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Posts Tagged ‘Buckley’

Originally published in the Pacific Coast Bulletin, September 17, 1925

Everybody in Burnett knows something about First Aid work, but none are more expert than are the members of the Women’s First Aid Team. In the photograph they are shown demonstrating how to resuscitate a person overcome by gas or drowning. Mrs. F.A. White is the captain of the team, the other members including, Mrs. L.G. Payne, Mrs. Frank Seltenreich, Mrs. James Smith, Mrs. A.L. McBlaine, Mrs. L.G. Bean, and Mrs. J.L. Hill. (more…)

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Originally published in the Pacific Coast Bulletin, September 3, 1925

This is Supt. Simon Ash’s fiery steed, Flyer. It and its fellows hauled the coal trips in the mines of Western Washington before electric haulage came in.

Engineer-fireman Norman Stevenson and conductor-brakeman-flagman-switchman Tom Dodd do, or would, take turns lifting her back on the track when, as, and if she hopped off, they’re that strong and determined.

The Flyer was cold for years until she was fired up recently for yard duty to take the place of a storage-battery locomotive that went inside on development work. (more…)

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Originally published in the Voice of the Valley, August 29, 1979

By Margaret Winings

Black Diamond is gearing up for its annual Labor Day celebration Sunday, Sept. 2 and Monday, Sept. 3. “Labor Day is really for the kids in this town,” said Sue Capponi, assistant to chairman Evan Morris. “The miners started doing this for their kids years and years ago.”

Peanuts, candy, coke, and ice cream are still free for the kids of all ages who come to help celebrate.

Activities will begin at 9 a.m. Sunday morning with a baseball tournament. So far teams from Black Diamond and Enumclaw are registered, according to Tom Dodd. They will try to unseat last year’s winner, DeGross Construction of Enumclaw. (more…)

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Originally published in the Pacific Coast Bulletin, July 30, 1925

No feature of the First Aid and Mine Rescue Meet held last Saturday at Black Diamond attracted more attention than the exhibition in first aid and resuscitation work put on by the midget teams from Newcastle and Black Diamond. So far as is known, these two teams are the youngest First Aid teams in the world.

Fathers of the boys are miners employed by the Pacific Coast Coal Company, and the interest displayed by the youngsters is indicative of the efforts put forth by everyone to make mining safe. Members of the Newcastle team, in the front row, include Ernie Bahr, Howard Cotterill, Donald Gilbert, Clyde Joughlin, John Young, and Wm. Schuirman.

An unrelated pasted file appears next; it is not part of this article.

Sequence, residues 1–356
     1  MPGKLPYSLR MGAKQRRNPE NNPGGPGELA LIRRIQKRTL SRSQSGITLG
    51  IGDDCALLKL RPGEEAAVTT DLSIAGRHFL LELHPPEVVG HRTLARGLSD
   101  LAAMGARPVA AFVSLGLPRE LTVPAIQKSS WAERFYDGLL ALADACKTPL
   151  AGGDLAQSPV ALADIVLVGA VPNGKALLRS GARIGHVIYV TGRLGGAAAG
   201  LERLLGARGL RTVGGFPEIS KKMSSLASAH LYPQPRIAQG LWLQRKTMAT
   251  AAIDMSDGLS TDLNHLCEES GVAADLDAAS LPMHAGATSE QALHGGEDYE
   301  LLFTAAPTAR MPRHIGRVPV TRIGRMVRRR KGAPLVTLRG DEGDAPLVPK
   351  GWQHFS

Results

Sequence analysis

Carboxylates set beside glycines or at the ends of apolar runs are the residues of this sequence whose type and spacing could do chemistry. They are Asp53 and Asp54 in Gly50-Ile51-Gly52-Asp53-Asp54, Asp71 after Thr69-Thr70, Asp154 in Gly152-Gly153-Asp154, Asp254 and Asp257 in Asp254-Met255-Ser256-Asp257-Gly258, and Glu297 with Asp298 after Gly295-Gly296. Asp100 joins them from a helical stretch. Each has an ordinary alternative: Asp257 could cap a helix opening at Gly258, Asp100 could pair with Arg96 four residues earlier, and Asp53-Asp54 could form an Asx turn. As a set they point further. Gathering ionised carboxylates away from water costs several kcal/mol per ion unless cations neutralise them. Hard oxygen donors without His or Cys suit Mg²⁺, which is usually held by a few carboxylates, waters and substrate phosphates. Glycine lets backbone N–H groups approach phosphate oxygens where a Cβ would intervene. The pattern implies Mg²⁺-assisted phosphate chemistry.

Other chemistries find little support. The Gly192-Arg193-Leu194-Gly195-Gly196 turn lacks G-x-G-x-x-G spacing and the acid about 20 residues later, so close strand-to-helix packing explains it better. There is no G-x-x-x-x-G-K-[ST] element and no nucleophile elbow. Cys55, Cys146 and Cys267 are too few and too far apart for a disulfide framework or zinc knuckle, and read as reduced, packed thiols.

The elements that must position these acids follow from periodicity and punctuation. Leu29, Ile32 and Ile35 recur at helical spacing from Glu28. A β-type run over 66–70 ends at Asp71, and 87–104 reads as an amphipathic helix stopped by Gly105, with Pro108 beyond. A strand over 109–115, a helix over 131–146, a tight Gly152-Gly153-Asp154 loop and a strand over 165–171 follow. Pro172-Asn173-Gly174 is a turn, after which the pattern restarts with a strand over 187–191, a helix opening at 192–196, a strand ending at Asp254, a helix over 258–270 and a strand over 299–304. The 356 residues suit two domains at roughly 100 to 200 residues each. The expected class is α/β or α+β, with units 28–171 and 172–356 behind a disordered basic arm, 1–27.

The Black Diamond boys, in the back row, are Elmon Rouse, John Gallagher, Harold Lloyd, Jr., Benny Hughes, Oliver Rouse, Jimmy Nicholson, and Ellis Ash. Harold Lloyd, Sr., trained the Black Diamond team and Wm. Jones was the instructor for the Newcastle lads. (more…)

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Originally published in the Pacific Coast Bulletin, July 23, 1925

Trained Mine Rescue teams from each of the camps of the Pacific Coast Coal Company will compete for honors at Black Diamond, Saturday, July 25. The engraving shows Joe Meza, one of the Black Diamond team. (more…)

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Originally published in the Pacific Coast Bulletin, June 18, 1925

More than a mile from the entrance to the tunnel, the Bulletin photographer secured this picture in the Carbonado Mine when the Bruiser Seam was visited by a party of newspaper men last Monday. At the extreme left Supt S.H. Ash is seen telling Nettie Gilpatrick to watch the two miners, if she wants to learn how to dig coal. There being no gas in this tunnel, open flame lights are employed. (more…)

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Originally published in the Pacific Coast Bulletin, May 21, 1925

When Portland, Oregon, recently held its Home Beautiful Exposition, Ralph C. Dean, manager of the Pacific Coast Coal Company’s Portland Depot, lost no time in demonstrating to the citizens of the Columbia River metropolis that Diamond Briquets were the ideal fuel to make beautiful homes comfortable as well.

This picture shows the booth which was arranged by R.R. English, city salesman, and which carried the message of Diamond Briquets to many Portland homes. (more…)

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